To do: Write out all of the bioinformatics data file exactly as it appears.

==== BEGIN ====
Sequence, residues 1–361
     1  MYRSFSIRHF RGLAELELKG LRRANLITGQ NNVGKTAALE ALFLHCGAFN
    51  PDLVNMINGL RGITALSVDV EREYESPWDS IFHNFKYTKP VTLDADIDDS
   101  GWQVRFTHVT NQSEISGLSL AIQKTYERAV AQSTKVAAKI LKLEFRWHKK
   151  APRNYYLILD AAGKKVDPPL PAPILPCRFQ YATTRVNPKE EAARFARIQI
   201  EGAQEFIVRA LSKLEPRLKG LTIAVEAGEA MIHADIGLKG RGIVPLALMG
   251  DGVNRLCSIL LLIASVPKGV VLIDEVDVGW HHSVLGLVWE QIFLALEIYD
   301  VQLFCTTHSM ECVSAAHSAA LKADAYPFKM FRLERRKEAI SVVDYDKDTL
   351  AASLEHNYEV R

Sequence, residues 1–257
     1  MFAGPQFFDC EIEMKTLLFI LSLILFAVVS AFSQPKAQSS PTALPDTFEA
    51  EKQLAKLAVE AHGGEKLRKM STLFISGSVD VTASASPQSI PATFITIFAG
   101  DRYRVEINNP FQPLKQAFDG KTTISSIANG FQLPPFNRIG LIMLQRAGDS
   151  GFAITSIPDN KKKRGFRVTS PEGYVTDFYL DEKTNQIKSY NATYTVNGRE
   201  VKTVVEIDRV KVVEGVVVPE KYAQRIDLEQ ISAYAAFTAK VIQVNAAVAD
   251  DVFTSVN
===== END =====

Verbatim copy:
Sequence, residues 1–361
     1  MYRSFSIRHF RGLAELELKG LRRANLITGQ NNVGKTAALE ALFLHCGAFN
    51  PDLVNMINGL RGITALSVDV EREYESPWDS IFHNFKYTKP VTLDADIDDS
   101  GWQVRFTHVT NQSEISGLSL AIQKTYERAV AQSTKVAAKI LKLEFRWHKK
   151  APRNYYLILD AAGKKVDPPL PAPILPCRFQ YATTRVNPKE EAARFARIQI
   201  EGAQEFIVRA LSKLEPRLKG LTIAVEAGEA MIHADIGLKG RGIVPLALMG
   251  DGVNRLCSIL LLIASVPKGV VLIDEVDVGW HHSVLGLVWE QIFLALEIYD
   301  VQLFCTTHSM ECVSAAHSAA LKADAYPFKM FRLERRKEAI SVVDYDKDTL
   351  AASLEHNYEV R

Sequence, residues 1–257
     1  MFAGPQFFDC EIEMKTLLFI LSLILFAVVS AFSQPKAQSS PTALPDTFEA
    51  EKQLAKLAVE AHGGEKLRKM STLFISGSVD VTASASPQSI PATFITIFAG
   101  DRYRVEINNP FQPLKQAFDG KTTISSIANG FQLPPFNRIG LIMLQRAGDS
   151  GFAITSIPDN KKKRGFRVTS PEGYVTDFYL DEKTNQIKSY NATYTVNGRE
   201  VKTVVEIDRV KVVEGVVVPE KYAQRIDLEQ ISAYAAFTAK VIQVNAAVAD
   251  DVFTSVN